So when General Motors tried to rebadge the Chevy Cavalier as a Caddy, the automotive world had a one word response: "Why?"
Make no mistake: The Cadillac Cimarron really and truly was a rebadged Cavalier. Not that there's anything wrong with that. The Buick Skyhawk, the Oldsmobile Firenza, and the Pontiac Sunbird all have the General Motors J body to thank. But, attempting to sell a Cavalier as a Caddy? Again: "Why?"
It's Actually Called "Cimarron by Cadillac"
If you have to use an extra preposition to separate the brand name from the automobile, you're probably already flirting with shame. And yet, the Cimarron by Cadillac appeared at dealerships for the 1982 model year just the same.
The story goes that Cadillac wanted a smaller vehicle to compete with the European small cars on the road. You could buy a giant boat of a Mercedes-Benz, or a smaller roadster type.
General Motors had the J platform with a 101.2-inch wheelbase lined up for a variety of vehicles. And, even though former GM president Pete Estes allegedly warned Cadillac's general manager Ed Kennard that it wasn't a great idea to turn a J car into a Caddy, here we are.
If you look at the 1982 Cadillac lineup, there's really no spot for a small car like the Cimarron. Seville, Deville, Eldorado, and the Chevy Cavalier? Dealerships were allegedly instructed not to put it near other Cadillacs, and refer to it strictly as "The Cimarron." Ouch.
Was the Cadillac Cimarron a Bad Car?
Actually, no. This really is a case of bad badge engineering, but a perfectly fine GM car. No one expects to find a Chevy Cavalier in Cadillac clothes.
Nearly all of the differences between the Cavalier and the Cimarron are cosmetic, yet you could get a 1982 Cavalier coupe for around $6,600, or a sedan for between $7,000-8,000. Meanwhile, the sticker price on the Caddy was a whopping $12,000.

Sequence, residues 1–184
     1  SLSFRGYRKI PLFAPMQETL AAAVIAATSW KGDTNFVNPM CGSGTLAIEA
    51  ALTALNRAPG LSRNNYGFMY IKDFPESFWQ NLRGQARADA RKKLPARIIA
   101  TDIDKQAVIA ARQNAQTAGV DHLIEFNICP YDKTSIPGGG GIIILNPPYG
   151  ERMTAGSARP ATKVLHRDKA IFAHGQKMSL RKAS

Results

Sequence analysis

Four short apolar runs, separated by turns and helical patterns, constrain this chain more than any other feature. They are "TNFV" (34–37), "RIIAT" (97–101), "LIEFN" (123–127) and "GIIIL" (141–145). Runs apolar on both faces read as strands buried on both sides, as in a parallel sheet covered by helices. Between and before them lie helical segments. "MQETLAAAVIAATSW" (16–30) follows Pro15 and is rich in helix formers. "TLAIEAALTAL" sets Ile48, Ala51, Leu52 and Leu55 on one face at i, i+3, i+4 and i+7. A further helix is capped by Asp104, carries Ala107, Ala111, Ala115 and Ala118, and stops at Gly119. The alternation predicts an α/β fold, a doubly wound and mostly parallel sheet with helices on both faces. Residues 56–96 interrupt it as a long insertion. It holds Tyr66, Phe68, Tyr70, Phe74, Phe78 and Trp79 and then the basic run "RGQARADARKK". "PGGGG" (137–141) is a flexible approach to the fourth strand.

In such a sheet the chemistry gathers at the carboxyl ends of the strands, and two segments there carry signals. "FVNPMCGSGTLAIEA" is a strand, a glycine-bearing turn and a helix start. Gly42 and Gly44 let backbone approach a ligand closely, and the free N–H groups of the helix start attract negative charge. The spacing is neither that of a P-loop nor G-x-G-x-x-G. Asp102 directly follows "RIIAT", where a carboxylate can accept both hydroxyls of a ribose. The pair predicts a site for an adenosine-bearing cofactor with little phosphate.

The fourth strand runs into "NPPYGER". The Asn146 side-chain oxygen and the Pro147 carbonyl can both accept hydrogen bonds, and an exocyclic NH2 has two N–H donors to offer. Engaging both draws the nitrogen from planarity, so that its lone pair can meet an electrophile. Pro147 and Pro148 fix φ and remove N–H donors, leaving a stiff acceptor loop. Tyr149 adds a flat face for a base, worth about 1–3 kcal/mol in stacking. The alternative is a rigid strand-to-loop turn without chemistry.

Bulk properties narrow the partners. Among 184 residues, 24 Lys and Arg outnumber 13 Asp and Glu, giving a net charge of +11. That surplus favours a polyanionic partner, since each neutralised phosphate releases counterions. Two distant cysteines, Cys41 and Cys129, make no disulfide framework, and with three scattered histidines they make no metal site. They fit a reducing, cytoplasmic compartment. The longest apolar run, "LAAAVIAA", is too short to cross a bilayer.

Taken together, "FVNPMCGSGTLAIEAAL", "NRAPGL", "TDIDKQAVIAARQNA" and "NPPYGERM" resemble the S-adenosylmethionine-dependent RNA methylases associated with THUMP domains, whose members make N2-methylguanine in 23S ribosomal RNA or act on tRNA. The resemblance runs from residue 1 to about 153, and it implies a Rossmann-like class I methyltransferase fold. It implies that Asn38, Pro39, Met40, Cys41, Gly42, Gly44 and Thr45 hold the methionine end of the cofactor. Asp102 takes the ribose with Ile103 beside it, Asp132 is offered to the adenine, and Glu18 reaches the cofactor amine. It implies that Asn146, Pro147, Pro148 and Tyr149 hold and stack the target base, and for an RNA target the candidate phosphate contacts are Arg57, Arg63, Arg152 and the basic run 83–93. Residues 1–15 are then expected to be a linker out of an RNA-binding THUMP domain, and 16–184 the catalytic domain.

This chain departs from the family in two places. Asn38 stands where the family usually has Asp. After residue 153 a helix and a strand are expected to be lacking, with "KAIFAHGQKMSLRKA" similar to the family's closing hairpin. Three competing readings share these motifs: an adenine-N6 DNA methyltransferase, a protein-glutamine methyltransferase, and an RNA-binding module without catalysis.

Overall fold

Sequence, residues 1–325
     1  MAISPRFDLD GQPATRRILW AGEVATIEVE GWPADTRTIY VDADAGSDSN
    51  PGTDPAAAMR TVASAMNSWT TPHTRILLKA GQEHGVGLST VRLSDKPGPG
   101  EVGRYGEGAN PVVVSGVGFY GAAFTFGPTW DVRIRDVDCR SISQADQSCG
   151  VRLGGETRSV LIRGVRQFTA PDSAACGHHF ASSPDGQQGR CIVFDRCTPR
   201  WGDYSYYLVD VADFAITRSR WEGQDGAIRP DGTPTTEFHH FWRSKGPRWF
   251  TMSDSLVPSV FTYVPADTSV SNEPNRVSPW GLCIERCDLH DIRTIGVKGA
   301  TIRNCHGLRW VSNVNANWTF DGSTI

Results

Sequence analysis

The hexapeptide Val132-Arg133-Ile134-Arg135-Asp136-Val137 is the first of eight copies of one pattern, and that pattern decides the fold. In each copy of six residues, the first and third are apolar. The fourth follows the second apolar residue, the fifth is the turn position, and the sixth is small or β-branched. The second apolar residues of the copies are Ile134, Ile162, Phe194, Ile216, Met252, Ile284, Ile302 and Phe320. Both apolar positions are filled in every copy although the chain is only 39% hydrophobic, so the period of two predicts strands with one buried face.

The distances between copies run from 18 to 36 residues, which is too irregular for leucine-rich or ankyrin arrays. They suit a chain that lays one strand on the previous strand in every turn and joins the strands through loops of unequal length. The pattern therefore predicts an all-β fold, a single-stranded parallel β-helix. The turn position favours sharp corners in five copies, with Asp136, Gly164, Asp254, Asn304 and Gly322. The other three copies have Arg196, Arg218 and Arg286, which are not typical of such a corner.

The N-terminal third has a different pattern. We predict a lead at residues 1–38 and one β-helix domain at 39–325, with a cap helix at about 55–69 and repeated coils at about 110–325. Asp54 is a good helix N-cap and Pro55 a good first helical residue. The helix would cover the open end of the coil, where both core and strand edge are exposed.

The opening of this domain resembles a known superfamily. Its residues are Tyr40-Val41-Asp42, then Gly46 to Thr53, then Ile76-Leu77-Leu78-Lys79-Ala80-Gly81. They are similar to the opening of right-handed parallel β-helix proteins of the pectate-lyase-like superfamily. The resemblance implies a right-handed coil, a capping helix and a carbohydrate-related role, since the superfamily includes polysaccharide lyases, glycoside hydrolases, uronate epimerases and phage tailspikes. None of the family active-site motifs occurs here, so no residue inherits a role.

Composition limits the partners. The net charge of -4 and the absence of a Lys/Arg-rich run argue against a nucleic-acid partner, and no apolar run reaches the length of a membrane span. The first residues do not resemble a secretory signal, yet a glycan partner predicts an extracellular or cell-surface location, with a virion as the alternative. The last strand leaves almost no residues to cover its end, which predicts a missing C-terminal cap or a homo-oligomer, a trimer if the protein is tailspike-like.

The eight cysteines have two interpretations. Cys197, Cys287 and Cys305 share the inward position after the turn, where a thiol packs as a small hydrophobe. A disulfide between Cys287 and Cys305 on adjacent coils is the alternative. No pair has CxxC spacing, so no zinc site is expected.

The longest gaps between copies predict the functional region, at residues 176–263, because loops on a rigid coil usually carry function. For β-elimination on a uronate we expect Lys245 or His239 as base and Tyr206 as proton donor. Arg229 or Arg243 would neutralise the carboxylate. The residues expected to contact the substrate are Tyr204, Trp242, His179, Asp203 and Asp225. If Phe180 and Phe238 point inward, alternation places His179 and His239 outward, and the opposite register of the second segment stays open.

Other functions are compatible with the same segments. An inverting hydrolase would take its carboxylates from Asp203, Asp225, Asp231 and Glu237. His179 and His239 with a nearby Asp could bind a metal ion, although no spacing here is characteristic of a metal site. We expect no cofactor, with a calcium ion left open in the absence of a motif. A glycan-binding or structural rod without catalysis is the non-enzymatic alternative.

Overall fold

The front-wheel drive-only, four-door Cimarron by Cadillac was produced from 1982 to 1988, and there were few changes throughout the years in order to draw in customers. The powerhouse ranged from a 1.8L to a 2.0L inline four-cylinder engine, paired with a four or five-speed manual transmission. Either way, drivers were looking at a maximum of 88 horsepower. No, it's supposed to be two digits.
A 2.8-liter V6 came along towards the end, with a whopping 125 horsepower, but it was something of a Hail Mary. The V6 gained a Turbo Hydra-Matic three-speed automatic transmission.
Respect Where It's Due
The Cadillac Cimarron had a lot of cool standard features, like leather seats bucket seats, power adjustable mirrors, air conditioning, deep pile carpet, and the only tachometer in the Cadillac lineup at the time. Optional features included some pretty rad upgrades, like power door locks and windows, power adjustable seats, leather-wrapped tilt steering wheel, a sunroof, and even a cassette player.
People like to give the Cimarron a place of honor among the worst cars in history, but it really isn't a bad car in and of itself. Truth be told, if you tried to option up a Cavalier to meet Caddy standards, the results and price would've been about the same. It's a case of seriously questionable badge engineering, but the end result vehicle was cohesive and drivable.
In the first year of production, the Cimarron sold less than 26,000 units. In the last year, that number sank down to just over 6,400. It couldn't compete with the European cars like Volvo and Saab at all. In fact, it couldn't even compete with the Lincoln Versailles, which was essentially a rebadged Ford Granada.
Oddly enough, Cadillac would try the same experiment again with the Catera in 1996. At least in that attempt, they used a European car as the base -- the Opel Omega B -- but the result was similar. Perhaps European and American luxury cars just aren't meant to compete. After all, this is the automotive world, and drivers have the freedom to choose whichever size, shape, and priced car they want.
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This post was originally published on April 28, 2021.